I think of scenes on TV or in movies where you can see the spirit of the person on the other side trying desperately to communicate with their loved one. Reaching out to touch in order to comfort, but hands go right through the other. I know there’s not much I can do to lessen their grief, but I know I will certainly try.

Greatest News: My book Fear Vs Fearless: A Journey of a Lifetime is now available in both paperback and Kindle editions (free with Kindle Unlimited). There’s no way I can ever express how grateful I am to Larry and Jaimie for their help moving the book forward.

I could never have finished so fast without the attention they paid to detail. Even after the arduous task of just completing the book, I had no clue about things like book cover design, synopsis, bio, as well as all the details with formatting both the e-book and print version. I had an initial editor to work out some basic layout info, but her abilities did not include that kind of technical stuff, so I had reached a roadblock.

I hate asking for help, but that last simple statement on Facebook led to those two earth angels stepping up with the skills and willingness to help in any way they could. Between the two of them, they got it all done. All while insisting they were totally honored and considered it a blessing to them and a privilege that they could help me. Once again, I’m blown away by the wealth of help that is always available to us if we are just willing to keep our eyes and heart open.

I’m thinking the proceeds from the book will finance keeping the websites up for at least a couple of years, so that’s the current plan.

So that’s enough for now.

Love, love, love… Love is all you need

Emily Woodbury
Emily Woodbury
Emily Woodbury is the editor here at She was lucky enough to grow up alongside two traveling parents, one domestically by RV (yep, Chuck Woodbury) and the other for international adventures, and has been lucky to see a great deal of our world (and counting!). She lives near Seattle with her dog and chickens. When she's not cranking out 700+ newsletters for she's hiking, cooking or, well, probably traveling.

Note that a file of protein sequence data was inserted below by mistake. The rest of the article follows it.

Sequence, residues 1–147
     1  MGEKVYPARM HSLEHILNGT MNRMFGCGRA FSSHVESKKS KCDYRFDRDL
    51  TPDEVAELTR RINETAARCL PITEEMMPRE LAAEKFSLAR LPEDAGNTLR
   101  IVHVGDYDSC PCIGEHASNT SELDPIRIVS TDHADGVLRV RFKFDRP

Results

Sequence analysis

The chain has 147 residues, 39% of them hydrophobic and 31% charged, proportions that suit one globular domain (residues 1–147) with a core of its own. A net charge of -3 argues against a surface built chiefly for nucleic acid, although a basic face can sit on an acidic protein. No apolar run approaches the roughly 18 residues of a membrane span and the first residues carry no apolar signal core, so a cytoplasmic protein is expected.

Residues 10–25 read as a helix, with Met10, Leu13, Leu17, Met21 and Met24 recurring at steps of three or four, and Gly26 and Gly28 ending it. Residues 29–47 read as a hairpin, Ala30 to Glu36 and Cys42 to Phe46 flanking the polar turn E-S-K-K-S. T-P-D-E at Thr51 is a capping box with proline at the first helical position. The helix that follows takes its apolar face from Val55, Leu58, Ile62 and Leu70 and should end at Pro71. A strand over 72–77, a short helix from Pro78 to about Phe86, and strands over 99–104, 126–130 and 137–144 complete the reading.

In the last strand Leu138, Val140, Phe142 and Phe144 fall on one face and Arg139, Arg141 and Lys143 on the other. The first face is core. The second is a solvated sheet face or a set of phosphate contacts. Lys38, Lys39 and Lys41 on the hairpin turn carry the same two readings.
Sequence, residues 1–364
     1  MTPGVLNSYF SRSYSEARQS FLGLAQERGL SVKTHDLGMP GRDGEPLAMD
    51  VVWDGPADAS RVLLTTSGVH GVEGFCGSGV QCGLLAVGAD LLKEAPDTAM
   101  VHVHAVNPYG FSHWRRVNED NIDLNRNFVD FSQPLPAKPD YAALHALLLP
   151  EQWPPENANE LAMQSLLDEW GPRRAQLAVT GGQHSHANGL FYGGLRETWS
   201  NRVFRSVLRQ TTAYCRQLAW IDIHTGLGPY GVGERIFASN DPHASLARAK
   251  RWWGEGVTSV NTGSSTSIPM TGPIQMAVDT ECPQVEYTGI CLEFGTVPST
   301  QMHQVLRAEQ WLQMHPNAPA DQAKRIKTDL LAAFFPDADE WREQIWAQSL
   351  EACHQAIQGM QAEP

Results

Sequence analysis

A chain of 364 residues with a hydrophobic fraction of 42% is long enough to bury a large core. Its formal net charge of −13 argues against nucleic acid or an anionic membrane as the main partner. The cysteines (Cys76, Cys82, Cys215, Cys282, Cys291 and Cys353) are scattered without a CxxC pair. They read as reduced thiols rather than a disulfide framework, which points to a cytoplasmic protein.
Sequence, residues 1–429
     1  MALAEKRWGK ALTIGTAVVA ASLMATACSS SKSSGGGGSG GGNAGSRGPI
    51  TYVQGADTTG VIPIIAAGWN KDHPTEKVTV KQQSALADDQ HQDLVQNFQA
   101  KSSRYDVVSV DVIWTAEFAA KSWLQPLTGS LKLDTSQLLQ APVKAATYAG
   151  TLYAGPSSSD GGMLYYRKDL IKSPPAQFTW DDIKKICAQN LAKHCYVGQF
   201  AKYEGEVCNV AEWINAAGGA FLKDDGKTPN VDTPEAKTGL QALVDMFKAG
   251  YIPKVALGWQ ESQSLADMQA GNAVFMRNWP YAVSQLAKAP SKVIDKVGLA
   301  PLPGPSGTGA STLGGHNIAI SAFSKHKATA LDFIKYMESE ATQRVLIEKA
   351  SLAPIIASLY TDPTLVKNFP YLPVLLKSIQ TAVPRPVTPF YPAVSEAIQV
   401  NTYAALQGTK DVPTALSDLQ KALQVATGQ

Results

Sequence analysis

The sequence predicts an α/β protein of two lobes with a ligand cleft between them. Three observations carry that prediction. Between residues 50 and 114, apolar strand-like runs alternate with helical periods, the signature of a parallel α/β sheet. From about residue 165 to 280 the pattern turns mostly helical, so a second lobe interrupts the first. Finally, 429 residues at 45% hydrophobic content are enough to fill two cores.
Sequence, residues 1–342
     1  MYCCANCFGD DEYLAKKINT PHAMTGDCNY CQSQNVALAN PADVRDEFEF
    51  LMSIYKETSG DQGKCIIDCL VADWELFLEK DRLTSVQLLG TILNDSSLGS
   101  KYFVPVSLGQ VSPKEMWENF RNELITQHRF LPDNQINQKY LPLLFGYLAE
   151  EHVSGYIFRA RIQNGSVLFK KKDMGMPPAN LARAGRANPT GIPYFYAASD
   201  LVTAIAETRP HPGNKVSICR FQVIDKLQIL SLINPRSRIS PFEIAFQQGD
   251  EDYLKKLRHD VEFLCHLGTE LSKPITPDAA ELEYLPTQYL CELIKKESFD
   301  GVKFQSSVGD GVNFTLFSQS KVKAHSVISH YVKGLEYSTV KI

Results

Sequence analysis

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martlin c chambers (@guest_39011)
4 years ago

I cry every time I read her articles. I find pride in her courage and way of dealing with this death sentence.

I lost my wife to cancer in 2010. She was diagnosed with Pancreatic cancer and told she had three months to live. But they said they could possibly slow down the cancer with chemo and radiation. Instead of helping the treatment destroyed her kidneys and liver and she died of that instead of the cancer. A win against the cancer, sort of, but no help. She died almost three months to the day, on Earth Day, 2010. We were married 35 years.

When Malia finally takes her last medication her ordeal will end but the world will be down one less wonderful person. She will live on in the memories of the people who know her and those, like me, that only read her stories.

All my best to this beautiful lady and everyone else out there who are dealing with terminal illnesses, you are my heroes.

BIll Massicotte (@guest_38835)
4 years ago

Malia I have kept all the correspondence we shared by subscribing to your newsletters. They are the most informative travel diaries one can imagine. The photography is excellent and unsurpassed. I will cherish them and refer to them for future travels.
I wish you the best in your journey and wish it hadn’t happened. You and your intelligent reporting/writing will be missed by all.